Methods is Papers with Code's machine learning knowledge graph
Papers with Code’s Methods page for the residual block (cropped).
We are now tracking 730+ building blocks of machine learning: optimizers, activations, attention layers, convolutions and much more! Compare usage over time and explore papers from a new perspective.
I’ve started using Methods as my go-to reference for many things at work. Sitting at a more abstracted level than the documentation for your ML library of choice, it’s an incredibly useful resource for anyone doing ML research or engineering. Each Methods page contains the following sections:
- A concise description of what the method is and how it works, including math and a diagram where relevant
- A chronological list of papers that use the method
- A breakdown of tasks from the site’s State-of-the-Art leaderboards for which the method is used
- A graph of how the method’s use changed over time, compared to other methods of the same category (for example, Adam vs. SGD for optimizers)
- A list of components: other methods that contribute to this method (for example, 1x1 convolutions and ReLUs are components of residual blocks)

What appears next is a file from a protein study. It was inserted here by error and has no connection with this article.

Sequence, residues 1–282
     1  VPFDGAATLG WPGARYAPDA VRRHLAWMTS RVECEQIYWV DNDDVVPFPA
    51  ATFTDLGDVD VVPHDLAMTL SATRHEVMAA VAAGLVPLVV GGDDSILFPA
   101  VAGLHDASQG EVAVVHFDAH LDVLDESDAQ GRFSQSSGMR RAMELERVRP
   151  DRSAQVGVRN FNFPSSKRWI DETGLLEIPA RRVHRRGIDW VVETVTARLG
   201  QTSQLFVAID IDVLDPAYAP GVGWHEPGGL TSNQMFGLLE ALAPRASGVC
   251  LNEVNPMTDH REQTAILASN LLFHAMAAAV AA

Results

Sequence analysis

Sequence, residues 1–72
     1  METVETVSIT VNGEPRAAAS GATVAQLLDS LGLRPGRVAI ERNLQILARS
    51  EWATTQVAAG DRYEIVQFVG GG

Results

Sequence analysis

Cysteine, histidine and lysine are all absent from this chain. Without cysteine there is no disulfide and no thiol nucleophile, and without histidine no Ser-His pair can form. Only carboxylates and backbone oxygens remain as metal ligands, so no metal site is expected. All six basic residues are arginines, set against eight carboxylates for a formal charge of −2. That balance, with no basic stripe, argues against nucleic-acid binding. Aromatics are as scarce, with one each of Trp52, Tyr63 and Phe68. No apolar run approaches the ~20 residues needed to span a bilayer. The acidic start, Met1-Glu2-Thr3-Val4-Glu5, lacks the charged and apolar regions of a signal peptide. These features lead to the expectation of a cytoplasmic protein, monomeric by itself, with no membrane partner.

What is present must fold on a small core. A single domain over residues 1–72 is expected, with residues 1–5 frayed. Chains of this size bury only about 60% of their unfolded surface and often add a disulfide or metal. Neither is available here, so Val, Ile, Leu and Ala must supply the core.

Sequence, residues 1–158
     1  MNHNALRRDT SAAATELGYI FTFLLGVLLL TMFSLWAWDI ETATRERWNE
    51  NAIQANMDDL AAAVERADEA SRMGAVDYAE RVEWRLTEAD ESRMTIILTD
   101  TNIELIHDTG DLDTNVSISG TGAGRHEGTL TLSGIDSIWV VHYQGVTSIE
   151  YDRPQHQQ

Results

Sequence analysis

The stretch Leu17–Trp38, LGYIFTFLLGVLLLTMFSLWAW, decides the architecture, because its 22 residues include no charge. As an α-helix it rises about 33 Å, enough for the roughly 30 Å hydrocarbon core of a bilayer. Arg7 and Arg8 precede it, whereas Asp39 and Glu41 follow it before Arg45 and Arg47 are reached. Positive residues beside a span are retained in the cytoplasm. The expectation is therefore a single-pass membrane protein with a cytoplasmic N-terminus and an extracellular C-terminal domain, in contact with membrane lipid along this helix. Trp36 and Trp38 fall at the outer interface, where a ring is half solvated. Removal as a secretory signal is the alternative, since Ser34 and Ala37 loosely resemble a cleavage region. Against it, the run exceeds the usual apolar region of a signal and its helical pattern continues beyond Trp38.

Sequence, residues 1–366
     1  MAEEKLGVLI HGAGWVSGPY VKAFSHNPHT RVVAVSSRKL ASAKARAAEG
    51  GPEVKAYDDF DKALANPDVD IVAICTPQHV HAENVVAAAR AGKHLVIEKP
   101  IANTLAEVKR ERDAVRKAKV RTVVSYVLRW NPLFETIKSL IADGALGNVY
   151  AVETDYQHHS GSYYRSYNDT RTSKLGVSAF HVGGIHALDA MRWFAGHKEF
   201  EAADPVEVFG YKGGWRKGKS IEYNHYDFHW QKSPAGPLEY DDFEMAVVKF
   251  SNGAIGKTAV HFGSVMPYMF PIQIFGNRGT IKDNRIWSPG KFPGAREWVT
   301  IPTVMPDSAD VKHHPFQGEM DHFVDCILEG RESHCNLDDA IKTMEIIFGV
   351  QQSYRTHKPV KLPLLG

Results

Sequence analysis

- A list of categories for the method
I’ve found the last of those sections to be especially handy for answering those hard-to-Google “what’s the name of that other thing that’s kind of like this thing again?” questions. (Also see this Twitter thread by the project’s co-creator Ross Taylor for a few example uses of the other sections.) Methods launched just a month ago, and given how useful it already is, I’m very excited to see how it grows in the future.
One additional feature I’d find useful is the inverse of the components section: I also want to know which methods build on top of the method I’m currently viewing. Another thing I’d like to see is an expansion of code links for methods to also include TensorFlow snippets—but since Facebook AI Research bought Papers with Code late last year, I’m guessing that keeping these snippets exclusive to (FAIR-controlled) PyTorch may be a strategic decision rather than a technical one.